Thursday, July 6, 2017

Improving Two-Level Authentication

Mix up your security answers to increase security.


Multi-level authentication is rapidly taking over the Internet.   One reason I am less than keen on Fidelity is that their security basically sucks.   To log into your Fidelity account, you need only use a username and a password that is just a number.   No combination of letters and punctuation, upper and lower case.  And as far as I can tell, no second level of authentication with challenge questions, e-mailed or texted codes or whatnot.   Seems pretty thin to me.

Bank of America has a "safepass" which is either a code texted to your phone, or a number generated on a "safepass" card, which looks like a credit card with an LED display.  You press a button and it generates a number.    Some credit cards are using this for the CVV2 security code number these days - your security code changes from transaction to transaction.   Of course, if someone steals your cell phone (and has the passcode), safepass card, or physical credit card, they have access to these security codes.

Security questions are another layer.  "What is your Mother's Maiden Name?"  or "What was the name of your first boyfriend/girlfriend?"  or "In what city did you get your first job?" are all the kind of questions that they may ask you.   The problem is, of course, that someone can go on Facebook or LinkedIn and get all this information, as people willingly post it.  Even questions like "What is your favorite song?" can be scraped from Facebook and other social media sites.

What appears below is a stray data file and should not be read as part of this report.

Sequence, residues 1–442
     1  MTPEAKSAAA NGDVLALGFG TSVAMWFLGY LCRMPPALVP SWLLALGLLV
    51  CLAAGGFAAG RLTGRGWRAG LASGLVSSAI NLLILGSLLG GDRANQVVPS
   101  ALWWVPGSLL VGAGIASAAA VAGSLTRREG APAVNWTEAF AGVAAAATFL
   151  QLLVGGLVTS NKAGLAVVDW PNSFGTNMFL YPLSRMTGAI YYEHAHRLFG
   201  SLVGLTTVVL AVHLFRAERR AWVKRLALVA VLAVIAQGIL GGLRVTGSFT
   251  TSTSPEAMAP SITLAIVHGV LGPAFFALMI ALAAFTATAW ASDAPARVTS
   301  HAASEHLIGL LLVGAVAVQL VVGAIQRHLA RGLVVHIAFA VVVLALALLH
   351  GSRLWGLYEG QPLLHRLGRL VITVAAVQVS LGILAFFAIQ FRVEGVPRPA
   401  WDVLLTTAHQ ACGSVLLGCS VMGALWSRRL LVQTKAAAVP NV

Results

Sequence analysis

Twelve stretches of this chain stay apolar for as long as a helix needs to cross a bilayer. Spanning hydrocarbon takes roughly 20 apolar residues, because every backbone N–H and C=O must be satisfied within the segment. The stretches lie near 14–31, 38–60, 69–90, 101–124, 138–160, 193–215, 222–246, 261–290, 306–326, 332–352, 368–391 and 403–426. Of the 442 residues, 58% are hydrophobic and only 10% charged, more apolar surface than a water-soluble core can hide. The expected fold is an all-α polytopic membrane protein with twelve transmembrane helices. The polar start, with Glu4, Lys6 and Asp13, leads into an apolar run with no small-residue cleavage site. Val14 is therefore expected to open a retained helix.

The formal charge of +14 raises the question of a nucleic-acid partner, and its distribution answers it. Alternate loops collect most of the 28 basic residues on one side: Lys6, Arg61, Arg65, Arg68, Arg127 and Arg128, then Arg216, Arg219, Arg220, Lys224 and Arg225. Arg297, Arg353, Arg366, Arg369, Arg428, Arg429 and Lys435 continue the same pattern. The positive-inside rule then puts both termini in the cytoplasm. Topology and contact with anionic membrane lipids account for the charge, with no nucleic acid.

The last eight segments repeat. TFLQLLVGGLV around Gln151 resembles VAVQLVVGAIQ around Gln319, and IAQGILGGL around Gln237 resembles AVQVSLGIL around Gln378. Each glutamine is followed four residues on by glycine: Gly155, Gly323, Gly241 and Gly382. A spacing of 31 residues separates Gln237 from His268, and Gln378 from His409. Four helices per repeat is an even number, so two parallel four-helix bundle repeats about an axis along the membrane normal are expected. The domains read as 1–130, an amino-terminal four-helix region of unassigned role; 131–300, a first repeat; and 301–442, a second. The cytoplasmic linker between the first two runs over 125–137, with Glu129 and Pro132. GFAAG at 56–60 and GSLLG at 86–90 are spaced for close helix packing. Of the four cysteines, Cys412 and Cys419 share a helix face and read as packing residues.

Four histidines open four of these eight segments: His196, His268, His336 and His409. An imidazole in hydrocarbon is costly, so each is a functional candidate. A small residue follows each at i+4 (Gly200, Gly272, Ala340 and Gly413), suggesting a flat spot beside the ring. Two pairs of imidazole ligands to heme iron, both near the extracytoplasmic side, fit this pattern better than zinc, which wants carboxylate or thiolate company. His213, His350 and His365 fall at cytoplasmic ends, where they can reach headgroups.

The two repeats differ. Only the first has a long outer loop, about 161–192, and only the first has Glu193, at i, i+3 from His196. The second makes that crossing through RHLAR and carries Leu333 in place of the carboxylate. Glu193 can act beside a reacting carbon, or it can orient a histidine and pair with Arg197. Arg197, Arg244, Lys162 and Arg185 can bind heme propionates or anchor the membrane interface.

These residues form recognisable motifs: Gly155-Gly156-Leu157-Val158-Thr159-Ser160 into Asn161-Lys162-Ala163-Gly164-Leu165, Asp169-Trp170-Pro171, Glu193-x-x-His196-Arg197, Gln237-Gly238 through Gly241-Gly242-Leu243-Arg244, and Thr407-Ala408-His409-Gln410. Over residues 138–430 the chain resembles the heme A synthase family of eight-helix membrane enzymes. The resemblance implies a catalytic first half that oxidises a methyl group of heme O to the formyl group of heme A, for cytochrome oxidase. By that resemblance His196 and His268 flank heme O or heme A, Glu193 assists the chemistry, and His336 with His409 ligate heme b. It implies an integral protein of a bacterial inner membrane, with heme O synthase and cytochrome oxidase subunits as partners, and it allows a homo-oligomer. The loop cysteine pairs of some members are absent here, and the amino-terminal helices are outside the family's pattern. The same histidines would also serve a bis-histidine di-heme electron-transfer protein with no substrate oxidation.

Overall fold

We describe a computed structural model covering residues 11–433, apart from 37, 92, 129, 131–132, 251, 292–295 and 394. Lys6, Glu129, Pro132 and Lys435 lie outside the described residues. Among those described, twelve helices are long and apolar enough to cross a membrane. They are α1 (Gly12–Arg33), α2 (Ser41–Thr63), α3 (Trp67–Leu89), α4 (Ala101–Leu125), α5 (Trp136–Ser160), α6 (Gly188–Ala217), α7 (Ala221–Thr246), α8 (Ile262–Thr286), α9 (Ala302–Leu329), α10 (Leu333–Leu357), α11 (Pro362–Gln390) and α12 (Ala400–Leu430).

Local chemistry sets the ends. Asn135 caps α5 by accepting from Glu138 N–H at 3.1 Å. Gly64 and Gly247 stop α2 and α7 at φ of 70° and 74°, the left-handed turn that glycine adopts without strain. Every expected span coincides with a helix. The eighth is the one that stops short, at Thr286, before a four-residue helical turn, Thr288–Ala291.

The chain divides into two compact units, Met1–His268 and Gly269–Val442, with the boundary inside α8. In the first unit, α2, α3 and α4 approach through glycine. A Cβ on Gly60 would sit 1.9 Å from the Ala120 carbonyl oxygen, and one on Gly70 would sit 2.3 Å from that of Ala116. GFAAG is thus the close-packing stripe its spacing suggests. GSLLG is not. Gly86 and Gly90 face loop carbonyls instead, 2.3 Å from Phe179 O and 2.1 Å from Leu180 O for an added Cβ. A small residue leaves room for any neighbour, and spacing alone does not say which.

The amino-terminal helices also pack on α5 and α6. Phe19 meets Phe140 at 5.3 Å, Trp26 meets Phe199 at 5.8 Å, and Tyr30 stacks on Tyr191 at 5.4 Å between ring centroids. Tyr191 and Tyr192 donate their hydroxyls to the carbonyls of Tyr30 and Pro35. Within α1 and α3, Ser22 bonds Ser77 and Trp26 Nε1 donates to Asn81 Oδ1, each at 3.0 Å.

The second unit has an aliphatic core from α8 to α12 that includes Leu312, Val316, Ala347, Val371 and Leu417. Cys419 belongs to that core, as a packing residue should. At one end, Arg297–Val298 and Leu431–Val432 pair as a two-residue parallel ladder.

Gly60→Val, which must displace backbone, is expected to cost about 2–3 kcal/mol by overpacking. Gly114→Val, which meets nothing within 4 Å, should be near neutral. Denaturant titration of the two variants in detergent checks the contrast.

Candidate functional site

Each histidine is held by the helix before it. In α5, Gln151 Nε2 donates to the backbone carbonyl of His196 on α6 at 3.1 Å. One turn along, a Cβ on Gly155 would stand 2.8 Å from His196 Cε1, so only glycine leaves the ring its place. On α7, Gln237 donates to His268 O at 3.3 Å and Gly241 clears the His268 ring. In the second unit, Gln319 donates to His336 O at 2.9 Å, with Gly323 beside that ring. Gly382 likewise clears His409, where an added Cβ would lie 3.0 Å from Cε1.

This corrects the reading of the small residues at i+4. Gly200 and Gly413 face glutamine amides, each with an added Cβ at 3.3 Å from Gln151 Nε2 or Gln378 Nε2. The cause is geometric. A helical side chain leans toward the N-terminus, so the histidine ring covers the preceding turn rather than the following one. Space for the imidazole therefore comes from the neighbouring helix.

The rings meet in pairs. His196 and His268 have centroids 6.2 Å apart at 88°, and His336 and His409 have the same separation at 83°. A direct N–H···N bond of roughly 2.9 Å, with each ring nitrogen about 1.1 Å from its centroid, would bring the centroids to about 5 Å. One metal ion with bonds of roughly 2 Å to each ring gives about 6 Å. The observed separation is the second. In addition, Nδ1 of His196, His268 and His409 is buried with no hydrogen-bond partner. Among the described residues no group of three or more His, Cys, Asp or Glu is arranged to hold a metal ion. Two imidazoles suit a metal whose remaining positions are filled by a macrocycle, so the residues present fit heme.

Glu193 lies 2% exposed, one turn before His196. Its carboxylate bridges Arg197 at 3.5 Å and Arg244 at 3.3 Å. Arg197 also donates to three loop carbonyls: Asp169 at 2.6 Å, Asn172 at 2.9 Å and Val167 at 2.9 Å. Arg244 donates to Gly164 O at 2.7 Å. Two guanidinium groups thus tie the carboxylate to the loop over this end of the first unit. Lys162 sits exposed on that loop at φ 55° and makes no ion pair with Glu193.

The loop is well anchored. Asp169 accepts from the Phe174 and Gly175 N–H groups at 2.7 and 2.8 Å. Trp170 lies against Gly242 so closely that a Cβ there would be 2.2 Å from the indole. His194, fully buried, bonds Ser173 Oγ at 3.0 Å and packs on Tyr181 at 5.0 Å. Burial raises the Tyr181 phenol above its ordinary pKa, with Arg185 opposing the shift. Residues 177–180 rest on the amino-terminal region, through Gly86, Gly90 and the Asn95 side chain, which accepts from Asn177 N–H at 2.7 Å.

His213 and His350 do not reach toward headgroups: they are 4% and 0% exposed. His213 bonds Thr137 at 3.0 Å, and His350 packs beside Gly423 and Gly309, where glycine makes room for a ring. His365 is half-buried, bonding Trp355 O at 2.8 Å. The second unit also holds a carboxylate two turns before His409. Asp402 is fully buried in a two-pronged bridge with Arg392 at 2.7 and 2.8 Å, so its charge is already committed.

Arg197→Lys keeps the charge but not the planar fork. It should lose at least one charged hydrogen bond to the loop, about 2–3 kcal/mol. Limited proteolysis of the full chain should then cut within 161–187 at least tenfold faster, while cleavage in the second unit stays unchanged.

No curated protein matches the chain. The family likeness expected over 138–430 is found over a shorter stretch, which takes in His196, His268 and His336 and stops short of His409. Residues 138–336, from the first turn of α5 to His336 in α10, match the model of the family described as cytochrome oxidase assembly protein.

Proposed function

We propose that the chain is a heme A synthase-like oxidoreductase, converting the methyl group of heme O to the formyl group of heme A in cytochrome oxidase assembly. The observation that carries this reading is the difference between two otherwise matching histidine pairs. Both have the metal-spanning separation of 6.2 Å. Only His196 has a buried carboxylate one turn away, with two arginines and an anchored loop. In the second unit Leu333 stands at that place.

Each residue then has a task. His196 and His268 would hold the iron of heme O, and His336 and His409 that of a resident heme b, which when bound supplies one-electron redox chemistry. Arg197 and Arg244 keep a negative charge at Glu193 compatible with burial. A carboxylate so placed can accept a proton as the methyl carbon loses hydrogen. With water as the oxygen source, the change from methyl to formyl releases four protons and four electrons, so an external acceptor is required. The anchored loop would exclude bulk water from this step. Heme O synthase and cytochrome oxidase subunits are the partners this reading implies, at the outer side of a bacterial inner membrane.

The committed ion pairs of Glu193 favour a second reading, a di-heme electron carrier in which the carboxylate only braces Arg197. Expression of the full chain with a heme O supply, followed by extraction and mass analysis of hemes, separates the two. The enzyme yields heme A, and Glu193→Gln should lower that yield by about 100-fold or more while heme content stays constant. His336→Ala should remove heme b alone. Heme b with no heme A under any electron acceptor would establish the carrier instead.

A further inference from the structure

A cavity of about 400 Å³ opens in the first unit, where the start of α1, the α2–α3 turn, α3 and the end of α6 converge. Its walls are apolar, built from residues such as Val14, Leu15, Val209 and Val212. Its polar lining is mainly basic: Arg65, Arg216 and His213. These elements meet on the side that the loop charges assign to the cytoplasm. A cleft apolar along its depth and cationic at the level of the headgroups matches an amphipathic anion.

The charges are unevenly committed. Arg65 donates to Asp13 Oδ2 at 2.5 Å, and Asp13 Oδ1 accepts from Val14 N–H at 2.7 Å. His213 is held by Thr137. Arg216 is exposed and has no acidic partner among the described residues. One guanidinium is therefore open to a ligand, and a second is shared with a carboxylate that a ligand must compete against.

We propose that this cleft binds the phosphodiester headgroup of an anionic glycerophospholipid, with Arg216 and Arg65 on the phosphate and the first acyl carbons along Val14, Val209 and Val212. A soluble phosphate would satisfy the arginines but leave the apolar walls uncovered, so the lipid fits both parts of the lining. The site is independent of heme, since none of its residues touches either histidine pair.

One way to mix it up is to use a completely nonsense answer that only you would know.   My Mother's Maiden name was Donald Trump.   Or my Favorite Song is Wheaties.   The city I got my first job was Purgatory.   Things of that nature (and no, none of these are actual responses I use).

Your mother's real maiden name can be scraped from an obituary, or sites like MyLife, which scrapes the web for personal information.   And it is frightening how much personal information you can get off the web about anyone.   Questions that "only you know the answer to" such as "what is your favorite vacation destination?" might actually be easy to find on your Facebook page ("Whoo-hoo!  Here we are in Aruba!  My fav vacation destination!").

No matter how many additional levels of security we add to the Internet, thieves will find new ways to break in.   Even fingerprint ID has its faults - someone could cut off your finger to get access to your electronic devices.   And yes, you will read about this happening, in the not-too-distant future.   Some people are ruthless, when it comes to thieving.

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